DAVID ISHAG LOOKED IMPATIENTLY AT HIS half-million-dollar Richard Mille watch. The trial so far had been torture. Sitting just feet away from the woman he’d once believed was going to be by his side forever, he’d not only had to listen to the crushing weight of evidence against her, but had contributed to that evidence himself, testifying to the court how he too was conned into marriage and to changing his will by this most deadly temptress.
Not once in all that time had Sarah Jane, as David still thought of her, made eye contact with him. Not once had she sought, with a look or a gesture, to explain herself. But now at last, David Ishag would hear her speak. He was ashamed to admit it, but there was a part of him that still longed for her to open her mouth and prove her innocence. To take what he knew to be the truth and disprove it. To make this nightmare go away and to return home at his side. Of course, rationally he was aware that that way madness lay. Only a fine line divided him from poor Matt Daley, and it was a line David Ishag hadn’t the slightest intention of crossing. Even so, the prospect of Ellen Watts calling Sofia Basta as her first witness, as she was widely expected to do, had brought him to an almost unbearable pitch of anxiety.
“The defense calls Rose Darcy.”
David Ishag’s horror was echoed by a general murmur of disappointment in room 306. The spectators had waited weeks to hear the beautiful woman in one of the defendants’ chairs speak for herself about her terrible crimes. Instead, a stooped, frail old woman ascended the witness box, helped by a courtroom clerk. Rose Darcy walked with a wooden cane almost as tall as she was, but despite her age and seeming decrepitude, she gave off an air of determination. Her spun-silver hair was tied neatly and firmly in a bun, and her blue eyes still sparkled brightly in her ruined, wrinkled face.
The court was not to be entirely disappointed, however. For the first time since the trial began, Sofia Basta appeared to be overcome with emotion. Letting out a stifled sob, she clutched the edge of the defendants’ table.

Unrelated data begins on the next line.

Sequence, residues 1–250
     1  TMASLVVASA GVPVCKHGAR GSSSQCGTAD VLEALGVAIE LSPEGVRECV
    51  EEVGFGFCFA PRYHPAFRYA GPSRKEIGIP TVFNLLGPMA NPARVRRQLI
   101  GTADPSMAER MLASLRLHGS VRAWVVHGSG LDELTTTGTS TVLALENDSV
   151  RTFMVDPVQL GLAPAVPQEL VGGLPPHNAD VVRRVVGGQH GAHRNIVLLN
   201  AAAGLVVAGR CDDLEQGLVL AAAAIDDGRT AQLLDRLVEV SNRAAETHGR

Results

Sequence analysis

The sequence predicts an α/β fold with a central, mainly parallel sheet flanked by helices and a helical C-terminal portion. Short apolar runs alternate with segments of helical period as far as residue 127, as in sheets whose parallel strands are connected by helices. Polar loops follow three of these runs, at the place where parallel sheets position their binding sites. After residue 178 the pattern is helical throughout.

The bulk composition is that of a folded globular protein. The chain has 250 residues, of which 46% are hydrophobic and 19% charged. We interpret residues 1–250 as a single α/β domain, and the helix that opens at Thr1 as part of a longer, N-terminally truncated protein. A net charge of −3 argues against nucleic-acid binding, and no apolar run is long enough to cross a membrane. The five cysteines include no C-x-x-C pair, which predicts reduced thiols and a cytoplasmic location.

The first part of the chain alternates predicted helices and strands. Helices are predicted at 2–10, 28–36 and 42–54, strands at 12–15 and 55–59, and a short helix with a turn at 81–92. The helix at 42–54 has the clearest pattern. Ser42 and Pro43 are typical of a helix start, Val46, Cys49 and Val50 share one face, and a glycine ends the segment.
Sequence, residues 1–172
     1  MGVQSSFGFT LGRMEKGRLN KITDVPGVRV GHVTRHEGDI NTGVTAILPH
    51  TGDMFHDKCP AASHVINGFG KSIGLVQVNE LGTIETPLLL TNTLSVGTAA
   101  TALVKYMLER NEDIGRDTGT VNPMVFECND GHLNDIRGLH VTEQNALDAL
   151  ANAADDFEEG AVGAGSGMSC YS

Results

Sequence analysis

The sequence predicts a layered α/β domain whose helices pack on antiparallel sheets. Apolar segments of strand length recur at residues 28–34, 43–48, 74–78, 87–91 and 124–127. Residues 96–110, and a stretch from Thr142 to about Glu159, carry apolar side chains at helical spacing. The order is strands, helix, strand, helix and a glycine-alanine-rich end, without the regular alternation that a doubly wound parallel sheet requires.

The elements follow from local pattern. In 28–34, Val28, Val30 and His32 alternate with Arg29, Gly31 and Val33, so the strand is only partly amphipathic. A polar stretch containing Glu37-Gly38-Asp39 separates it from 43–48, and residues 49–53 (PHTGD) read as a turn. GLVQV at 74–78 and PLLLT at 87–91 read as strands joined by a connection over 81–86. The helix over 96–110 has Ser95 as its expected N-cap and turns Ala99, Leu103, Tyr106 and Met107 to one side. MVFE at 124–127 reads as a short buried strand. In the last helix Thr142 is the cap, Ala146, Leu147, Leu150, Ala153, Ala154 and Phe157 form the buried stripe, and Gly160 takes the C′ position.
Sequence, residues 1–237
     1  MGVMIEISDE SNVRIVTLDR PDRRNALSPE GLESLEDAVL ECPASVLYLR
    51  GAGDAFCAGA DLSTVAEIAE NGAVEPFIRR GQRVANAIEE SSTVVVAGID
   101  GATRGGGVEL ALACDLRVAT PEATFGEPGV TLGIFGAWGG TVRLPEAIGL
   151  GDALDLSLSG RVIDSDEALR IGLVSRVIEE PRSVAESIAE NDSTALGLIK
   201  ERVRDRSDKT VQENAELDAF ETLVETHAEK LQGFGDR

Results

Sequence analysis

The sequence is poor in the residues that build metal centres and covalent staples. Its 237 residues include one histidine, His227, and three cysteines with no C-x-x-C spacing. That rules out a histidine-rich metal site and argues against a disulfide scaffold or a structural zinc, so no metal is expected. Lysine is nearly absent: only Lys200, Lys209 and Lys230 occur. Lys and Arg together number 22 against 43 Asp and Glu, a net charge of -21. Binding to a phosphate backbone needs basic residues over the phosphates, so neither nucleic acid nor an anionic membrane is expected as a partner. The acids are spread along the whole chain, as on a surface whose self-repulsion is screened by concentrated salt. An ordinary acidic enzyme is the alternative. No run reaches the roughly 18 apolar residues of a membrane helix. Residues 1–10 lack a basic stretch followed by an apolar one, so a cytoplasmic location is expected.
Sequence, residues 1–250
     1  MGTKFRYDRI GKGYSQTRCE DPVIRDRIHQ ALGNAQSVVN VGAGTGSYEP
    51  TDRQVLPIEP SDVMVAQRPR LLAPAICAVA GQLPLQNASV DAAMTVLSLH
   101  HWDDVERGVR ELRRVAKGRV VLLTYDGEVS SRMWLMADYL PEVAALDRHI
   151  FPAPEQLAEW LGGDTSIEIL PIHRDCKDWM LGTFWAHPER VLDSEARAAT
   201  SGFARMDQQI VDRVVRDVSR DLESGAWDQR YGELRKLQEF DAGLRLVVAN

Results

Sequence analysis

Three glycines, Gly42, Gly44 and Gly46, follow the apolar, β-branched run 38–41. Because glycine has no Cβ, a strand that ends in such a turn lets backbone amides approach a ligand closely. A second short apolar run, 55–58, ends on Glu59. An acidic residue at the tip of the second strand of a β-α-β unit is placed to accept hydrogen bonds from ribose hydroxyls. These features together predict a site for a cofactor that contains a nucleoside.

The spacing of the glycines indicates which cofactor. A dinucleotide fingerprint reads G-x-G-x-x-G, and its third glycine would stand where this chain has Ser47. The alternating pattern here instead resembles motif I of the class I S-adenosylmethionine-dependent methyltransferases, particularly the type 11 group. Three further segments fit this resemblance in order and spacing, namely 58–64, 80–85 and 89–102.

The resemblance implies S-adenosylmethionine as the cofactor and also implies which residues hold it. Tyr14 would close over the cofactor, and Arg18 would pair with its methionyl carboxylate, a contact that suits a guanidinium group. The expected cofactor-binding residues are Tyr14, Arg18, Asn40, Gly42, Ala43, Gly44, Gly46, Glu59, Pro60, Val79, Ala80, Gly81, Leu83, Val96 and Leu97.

“Mrs. Darcy, can you confirm your name for the court?”
“Rose Frances Darcy.” The old woman’s voice was strong and clear. “And it’s ‘miss.’ I never married.”
“I’m sorry. Ms. Darcy, are you acquainted with either of the defendants in this case?”
“I am. With the young lady.”
The old woman looked across the room at the accused, her eyes welling up with tears of affection.
“I see,” said Ellen Watts. “And when did you first meet Sofia Basta?”
“I never met Sofia Basta.”
The jury members exchanged puzzled frowns. For a moment Ellen Watts looked equally perplexed. It would be just her luck to discover that her first witness had lost her marbles.
“Ms. Darcy, you just told the court that you know the female defendant. But now you’re saying that you never met her?”
“No,” the old woman said testily. “I never said that. I’ve known her”—she pointed at the defendants’ table—“since the day she was born. What I said was, I never met Sofia Basta.”
“But, Ms. Darcy…”
“That’s not Sofia Basta.” Rose Darcy finally lost her patience. “Sofia Basta doesn’t exist.”
IT TOOK JUDGE MUÑOZ A MOMENT to bring the court to order. Once the gasps had died down, the old woman continued.
“Her real name is Sophie. Sophie Smith. I don’t know where this ‘Basta’ baloney came from, but it wasn’t the name she was born with.”
Ellen Watts said, “You said you knew Sofia—Sophie—since birth. You knew her mother?”
“No, ma’am. I’m a social worker. Her mother abandoned her at birth at a maternity clinic in Harlem. I happened to be working at the clinic that night, so I saw her soon after she was born. Tiny little thing she was, but a fighter even then. She spent the first three weeks of her life withdrawing from heroin. Mom must have been using throughout the pregnancy. She was lucky to survive. It was the workers at the clinic who named her Sophie.” She turned and looked at the stricken figure at the defendants’ table. “She’ll always be Sophie to me.”
“What contact did you have with Sophie after that night?”
Rose Darcy smiled sadly. “Not as much as I would have liked. Although I probably had more contact with her over the course of her childhood than anyone else. She was a sweet little girl, very loving, very sensitive. But she was troubled from the beginning.”